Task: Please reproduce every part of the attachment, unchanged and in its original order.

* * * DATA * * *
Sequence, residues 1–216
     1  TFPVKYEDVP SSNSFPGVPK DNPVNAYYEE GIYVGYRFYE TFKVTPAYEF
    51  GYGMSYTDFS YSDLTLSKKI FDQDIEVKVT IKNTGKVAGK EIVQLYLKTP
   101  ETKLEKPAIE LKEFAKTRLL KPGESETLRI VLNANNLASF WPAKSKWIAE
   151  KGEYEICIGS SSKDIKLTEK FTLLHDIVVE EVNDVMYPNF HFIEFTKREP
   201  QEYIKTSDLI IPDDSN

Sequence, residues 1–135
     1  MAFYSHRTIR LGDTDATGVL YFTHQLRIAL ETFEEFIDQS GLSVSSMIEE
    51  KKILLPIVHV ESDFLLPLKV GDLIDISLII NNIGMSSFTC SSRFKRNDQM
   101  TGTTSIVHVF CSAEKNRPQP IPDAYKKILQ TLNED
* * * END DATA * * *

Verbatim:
Sequence, residues 1–216
     1  TFPVKYEDVP SSNSFPGVPK DNPVNAYYEE GIYVGYRFYE TFKVTPAYEF
    51  GYGMSYTDFS YSDLTLSKKI FDQDIEVKVT IKNTGKVAGK EIVQLYLKTP
   101  ETKLEKPAIE LKEFAKTRLL KPGESETLRI VLNANNLASF WPAKSKWIAE
   151  KGEYEICIGS SSKDIKLTEK FTLLHDIVVE EVNDVMYPNF HFIEFTKREP
   201  QEYIKTSDLI IPDDSN

Sequence, residues 1–135
     1  MAFYSHRTIR LGDTDATGVL YFTHQLRIAL ETFEEFIDQS GLSVSSMIEE
    51  KKILLPIVHV ESDFLLPLKV GDLIDISLII NNIGMSSFTC SSRFKRNDQM
   101  TGTTSIVHVF CSAEKNRPQP IPDAYKKILQ TLNED